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Tuesday 25 January 2022

Life's What You Make It

This is one of those songs that is always there for me, a pleasure to hear whenever it comes up and a song I'd put in a lifetime top 50 if I had to ever compile such a list- most recently it came up with this clip on Dutch TV from 1985, Talk Talk on TopPop, playing/ miming Life's What You Make It. 

The guitar is a little over the top for our 21st century ears perhaps but the proto- Balearic drums and piano and Mark Hollis' passionate vocal are perfect in every way. This is from the 12", an extended version released in January 1986. 

Life's What You Make It (Extended)

There's nothing I can say about the song that can add to it, you just have to listen to it. The words can mean as much or as little as you want them to in a way- 'Baby life's what you make it/ Celebrate it/ Anticipate it/ Yesterday's faded/ Nothing can change it/  Life's what you make it'. 

In 2009 Rowland S. Howard, guitarist in The Birthday Party and The Boy's Next Door (his and Nick Cave's first band), recorded a solo album called Pop Crimes. Rowland was unwell at the time, Hepatitis C having brought on liver cancer and he died at the end of December 2009. His cover of Life's What You Make It is heard very differently under those circumstances. 

Life's What You Make It


Martin said...

It's a perfect song.

Khayem said...

This came at just the right time in my life: I'd not long turned 15, I met a beautiful girl who I was head over heels with and we both really connected over Talk Talk, starting with this single. I'd heard and liked Talk Talk before, but The Colour Of Spring means so much to me for the memories of a very happy time. The relationship burned briefly but brightly and we're still friends, 30-odd years on.

The song as of itself is amazing, but then you also had one of the best B-sides ever (It's Getting Late In The Evening), an astonishing album and then incredible butterfly/moth themed sleeve art by James Marsh tying all the releases together. I didn't see the video until many years later, but it's just the icing on the cake.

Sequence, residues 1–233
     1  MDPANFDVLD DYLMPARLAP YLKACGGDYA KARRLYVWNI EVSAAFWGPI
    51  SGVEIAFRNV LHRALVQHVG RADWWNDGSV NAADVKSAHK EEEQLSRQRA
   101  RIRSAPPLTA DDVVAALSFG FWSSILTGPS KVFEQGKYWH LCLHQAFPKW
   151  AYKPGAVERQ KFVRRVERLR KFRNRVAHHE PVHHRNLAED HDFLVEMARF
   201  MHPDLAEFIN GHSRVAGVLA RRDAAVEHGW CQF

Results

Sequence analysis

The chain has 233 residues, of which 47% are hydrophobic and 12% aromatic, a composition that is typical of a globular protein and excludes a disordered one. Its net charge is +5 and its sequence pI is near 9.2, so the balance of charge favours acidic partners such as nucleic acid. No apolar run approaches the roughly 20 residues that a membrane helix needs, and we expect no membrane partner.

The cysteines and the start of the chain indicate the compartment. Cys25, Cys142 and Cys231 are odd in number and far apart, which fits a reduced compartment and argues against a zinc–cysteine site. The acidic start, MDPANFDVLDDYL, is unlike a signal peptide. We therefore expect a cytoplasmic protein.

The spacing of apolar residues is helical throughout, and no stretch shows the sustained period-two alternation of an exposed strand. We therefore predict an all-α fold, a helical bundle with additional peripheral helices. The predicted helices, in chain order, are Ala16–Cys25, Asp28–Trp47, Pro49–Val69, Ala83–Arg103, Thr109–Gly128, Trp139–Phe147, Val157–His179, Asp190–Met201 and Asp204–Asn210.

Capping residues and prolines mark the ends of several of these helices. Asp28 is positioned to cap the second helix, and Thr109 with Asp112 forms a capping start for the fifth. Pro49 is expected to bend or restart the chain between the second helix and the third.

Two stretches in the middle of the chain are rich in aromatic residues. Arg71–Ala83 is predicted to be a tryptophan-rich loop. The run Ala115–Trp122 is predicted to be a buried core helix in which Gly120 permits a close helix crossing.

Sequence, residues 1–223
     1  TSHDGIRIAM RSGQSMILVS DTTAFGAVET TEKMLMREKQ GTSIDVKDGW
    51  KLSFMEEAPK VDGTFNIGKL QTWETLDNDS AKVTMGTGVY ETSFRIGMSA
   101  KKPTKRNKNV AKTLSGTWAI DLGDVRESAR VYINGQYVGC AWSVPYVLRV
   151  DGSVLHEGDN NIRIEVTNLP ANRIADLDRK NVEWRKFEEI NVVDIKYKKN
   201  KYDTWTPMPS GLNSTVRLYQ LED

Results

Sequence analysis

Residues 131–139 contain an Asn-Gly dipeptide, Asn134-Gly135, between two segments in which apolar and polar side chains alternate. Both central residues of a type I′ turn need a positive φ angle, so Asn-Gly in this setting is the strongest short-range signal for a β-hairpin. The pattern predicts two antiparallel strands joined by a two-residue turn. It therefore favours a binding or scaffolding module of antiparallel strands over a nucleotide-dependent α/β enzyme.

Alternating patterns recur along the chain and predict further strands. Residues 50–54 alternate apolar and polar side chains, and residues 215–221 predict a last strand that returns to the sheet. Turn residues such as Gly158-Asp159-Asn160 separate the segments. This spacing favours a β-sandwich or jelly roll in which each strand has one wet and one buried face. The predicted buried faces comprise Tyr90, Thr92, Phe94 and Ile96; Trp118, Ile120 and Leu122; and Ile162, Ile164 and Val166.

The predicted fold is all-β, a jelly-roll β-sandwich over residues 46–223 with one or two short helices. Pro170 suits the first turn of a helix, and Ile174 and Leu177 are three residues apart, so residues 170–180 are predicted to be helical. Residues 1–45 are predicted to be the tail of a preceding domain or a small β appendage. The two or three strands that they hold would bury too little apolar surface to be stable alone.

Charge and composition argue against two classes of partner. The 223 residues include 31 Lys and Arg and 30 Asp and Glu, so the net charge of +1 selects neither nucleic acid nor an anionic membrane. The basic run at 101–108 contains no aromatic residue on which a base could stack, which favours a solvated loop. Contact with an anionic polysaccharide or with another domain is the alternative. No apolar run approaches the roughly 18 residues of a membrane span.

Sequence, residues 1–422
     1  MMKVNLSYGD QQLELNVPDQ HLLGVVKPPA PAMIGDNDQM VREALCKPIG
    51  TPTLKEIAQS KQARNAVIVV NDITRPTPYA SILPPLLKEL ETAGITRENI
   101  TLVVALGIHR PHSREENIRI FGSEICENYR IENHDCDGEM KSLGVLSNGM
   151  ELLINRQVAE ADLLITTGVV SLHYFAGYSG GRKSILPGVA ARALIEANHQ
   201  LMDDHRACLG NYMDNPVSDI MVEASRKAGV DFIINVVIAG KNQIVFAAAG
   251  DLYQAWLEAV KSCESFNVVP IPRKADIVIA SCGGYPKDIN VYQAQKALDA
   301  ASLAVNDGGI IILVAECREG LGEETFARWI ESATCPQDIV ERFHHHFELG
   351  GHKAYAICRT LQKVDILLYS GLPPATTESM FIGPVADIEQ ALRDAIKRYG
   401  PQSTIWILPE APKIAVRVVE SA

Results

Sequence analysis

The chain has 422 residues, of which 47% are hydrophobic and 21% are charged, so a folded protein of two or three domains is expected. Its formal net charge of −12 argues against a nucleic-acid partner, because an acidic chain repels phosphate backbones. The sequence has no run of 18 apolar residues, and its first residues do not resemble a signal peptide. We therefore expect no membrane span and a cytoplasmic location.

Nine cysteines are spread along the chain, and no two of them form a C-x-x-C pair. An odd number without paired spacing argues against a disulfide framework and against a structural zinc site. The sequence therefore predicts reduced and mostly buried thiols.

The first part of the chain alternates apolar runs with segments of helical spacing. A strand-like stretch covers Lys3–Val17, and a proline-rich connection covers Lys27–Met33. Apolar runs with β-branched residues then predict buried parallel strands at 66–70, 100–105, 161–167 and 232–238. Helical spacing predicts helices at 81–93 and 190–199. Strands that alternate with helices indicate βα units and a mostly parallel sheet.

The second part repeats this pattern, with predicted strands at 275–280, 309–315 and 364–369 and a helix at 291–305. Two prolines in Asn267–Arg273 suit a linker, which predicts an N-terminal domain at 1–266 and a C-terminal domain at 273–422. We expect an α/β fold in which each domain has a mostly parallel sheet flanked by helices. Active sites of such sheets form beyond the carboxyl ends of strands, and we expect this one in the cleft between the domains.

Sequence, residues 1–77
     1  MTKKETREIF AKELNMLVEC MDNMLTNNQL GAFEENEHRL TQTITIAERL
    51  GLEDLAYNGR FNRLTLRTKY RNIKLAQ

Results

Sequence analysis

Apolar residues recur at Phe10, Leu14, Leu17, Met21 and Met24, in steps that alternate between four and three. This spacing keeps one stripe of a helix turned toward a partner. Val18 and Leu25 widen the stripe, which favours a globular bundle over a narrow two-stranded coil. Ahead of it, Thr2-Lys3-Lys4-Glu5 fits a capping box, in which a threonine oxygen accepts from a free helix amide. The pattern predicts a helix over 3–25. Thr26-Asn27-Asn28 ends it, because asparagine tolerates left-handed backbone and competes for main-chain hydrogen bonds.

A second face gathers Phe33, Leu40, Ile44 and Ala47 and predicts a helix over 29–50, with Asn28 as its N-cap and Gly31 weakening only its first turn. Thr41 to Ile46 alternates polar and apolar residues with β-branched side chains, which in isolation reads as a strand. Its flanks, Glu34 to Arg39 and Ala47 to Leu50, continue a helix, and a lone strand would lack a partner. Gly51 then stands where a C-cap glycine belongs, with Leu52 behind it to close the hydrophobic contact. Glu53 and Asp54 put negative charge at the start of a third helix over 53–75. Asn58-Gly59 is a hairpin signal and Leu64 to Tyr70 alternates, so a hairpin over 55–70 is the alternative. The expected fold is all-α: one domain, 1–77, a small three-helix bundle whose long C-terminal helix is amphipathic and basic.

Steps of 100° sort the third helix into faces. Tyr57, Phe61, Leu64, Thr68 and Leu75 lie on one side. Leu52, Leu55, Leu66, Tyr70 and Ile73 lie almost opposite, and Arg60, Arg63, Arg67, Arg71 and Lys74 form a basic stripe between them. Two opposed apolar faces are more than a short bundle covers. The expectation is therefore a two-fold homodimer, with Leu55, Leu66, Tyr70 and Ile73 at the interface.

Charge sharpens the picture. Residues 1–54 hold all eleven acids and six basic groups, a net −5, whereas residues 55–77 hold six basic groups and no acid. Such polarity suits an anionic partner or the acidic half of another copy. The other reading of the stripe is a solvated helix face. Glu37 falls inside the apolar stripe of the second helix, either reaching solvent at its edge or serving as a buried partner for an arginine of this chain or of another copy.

The pedant in me has to mention that the 12" you posted isn't by Dennis Weinreich, which is a good but (unusually for Talk Talk) fairly straightforward extended mix. This version is the far superior Dance Mix by Tim Friese-Greene, which sounds much more an organic extension than a cut, paste and edit job.

There seem to be loads of covers of this song out there - Placebo, The Divine Comedy, Weezer, and so on - but you've picked the only essential one. Like and unlike Mark Hollis, Rowland S. Howard was a singular talent and the song acquires a very different emotional heft in his interpretation.

Adam Turner said...

Thanks for your pedantry, these things are important.

Michael Doherty said...

I do love that session version that the Divine Comedy did with the violin.

C said...

Yes, this is just one of "those" songs. I can't believe I simply didn't appreciate it at the time of its release, but only realised just how strong, emotive and enduring it was some years later. Now, I agree - one for the lifetime top 50 (what a task that would be!)

Echorich said...

It's an astonishing song, always has been for me. It has always represented the change in approach that Talk Talk and especially Mark Hollis took, at this point in the band's career. Suddenly their sound seemed more organic but also more thoughtful and thought out. This would go on into the extreme by the time Hollis decided they were done, but there is something very intent driven about Life's What You Make It.